This paper claims that the use of the computer as generative methodological tool for designing urban and building scenarios (when perceived systematically) is a misnomer, because the typical approach does not account for the incompleteness of computational processes. We will argue that the computerisation of architectural and urban scenarios with autopoietic and/or artificial life simulations does not account for what Edsger W. Dijkstra called “radical novelty”; and Gilles Deleuze termed “line of flight”. Typical computational methods do not open up genuine alternatives that produce radical morphologies. Our argument is predicated on the dominant notion of computation as opposed to a critique of computation per se. A critical analysis of the perception of novelty is made to support our view, and its connection with the incompleteness of axiomatic systems is explored in relation to three phases of cybernetic enquiry. Our argument draws on the ontologies of Alfred North Whitehead and Gilles Deleuze, which we utilise to reorient computational design to emphasise the potential of generating radical novelty and identify the inherent locus therein a matter of nonhuman decision-making.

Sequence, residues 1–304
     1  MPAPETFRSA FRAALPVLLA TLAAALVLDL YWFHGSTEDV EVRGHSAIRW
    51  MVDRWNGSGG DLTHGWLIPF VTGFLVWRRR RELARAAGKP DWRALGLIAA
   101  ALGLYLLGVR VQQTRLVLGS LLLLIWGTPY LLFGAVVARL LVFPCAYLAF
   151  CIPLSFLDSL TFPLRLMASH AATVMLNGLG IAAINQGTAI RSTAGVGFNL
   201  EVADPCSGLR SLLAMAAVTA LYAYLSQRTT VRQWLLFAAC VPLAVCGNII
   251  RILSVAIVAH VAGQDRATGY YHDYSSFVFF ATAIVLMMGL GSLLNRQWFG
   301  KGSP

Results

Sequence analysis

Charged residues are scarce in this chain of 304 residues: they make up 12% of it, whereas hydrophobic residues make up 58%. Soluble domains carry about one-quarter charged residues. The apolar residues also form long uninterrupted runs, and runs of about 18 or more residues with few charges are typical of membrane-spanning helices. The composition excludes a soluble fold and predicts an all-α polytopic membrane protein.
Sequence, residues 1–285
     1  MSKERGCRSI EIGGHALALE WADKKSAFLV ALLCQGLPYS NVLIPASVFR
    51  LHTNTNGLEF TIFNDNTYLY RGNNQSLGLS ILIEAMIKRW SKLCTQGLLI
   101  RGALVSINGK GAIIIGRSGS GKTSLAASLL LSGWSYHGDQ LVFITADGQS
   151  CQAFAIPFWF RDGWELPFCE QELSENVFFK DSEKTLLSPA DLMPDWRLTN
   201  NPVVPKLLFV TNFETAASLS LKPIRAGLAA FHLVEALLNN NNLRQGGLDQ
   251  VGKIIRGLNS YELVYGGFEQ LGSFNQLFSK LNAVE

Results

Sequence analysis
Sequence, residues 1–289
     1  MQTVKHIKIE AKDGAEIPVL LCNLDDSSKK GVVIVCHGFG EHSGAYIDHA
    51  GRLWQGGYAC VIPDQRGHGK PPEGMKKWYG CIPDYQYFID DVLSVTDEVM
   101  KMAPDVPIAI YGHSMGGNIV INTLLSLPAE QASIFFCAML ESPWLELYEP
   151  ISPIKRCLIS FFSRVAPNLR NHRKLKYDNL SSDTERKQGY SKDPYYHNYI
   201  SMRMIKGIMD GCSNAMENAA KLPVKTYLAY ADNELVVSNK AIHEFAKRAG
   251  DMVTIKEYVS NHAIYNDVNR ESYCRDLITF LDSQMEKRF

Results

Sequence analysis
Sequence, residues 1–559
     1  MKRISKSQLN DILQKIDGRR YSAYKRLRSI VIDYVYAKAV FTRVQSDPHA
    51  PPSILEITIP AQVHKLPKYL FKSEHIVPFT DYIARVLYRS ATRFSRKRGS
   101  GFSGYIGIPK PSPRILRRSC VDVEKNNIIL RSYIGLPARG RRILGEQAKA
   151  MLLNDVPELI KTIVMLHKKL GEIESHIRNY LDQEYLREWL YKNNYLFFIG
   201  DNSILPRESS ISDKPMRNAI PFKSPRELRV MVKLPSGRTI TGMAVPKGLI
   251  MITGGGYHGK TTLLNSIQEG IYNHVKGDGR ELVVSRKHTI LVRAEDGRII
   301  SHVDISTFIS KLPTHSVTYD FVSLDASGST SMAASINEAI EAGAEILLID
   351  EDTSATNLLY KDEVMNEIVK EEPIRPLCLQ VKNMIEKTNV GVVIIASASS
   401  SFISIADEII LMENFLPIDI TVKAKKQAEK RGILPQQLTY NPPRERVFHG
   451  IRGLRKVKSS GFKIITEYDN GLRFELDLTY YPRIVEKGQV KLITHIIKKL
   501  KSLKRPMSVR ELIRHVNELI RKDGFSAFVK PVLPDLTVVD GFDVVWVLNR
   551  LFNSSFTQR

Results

Citation : Zaroukas, E. and Ireland, T. (2015). Actuating (Auto)Poiesis. Systema: connecting matter, life, culture and technology, 3 (2), pp. 34-55
ISSN : 2305-6991
Research Group : Architecture Research Group
Peer Reviewed : Yes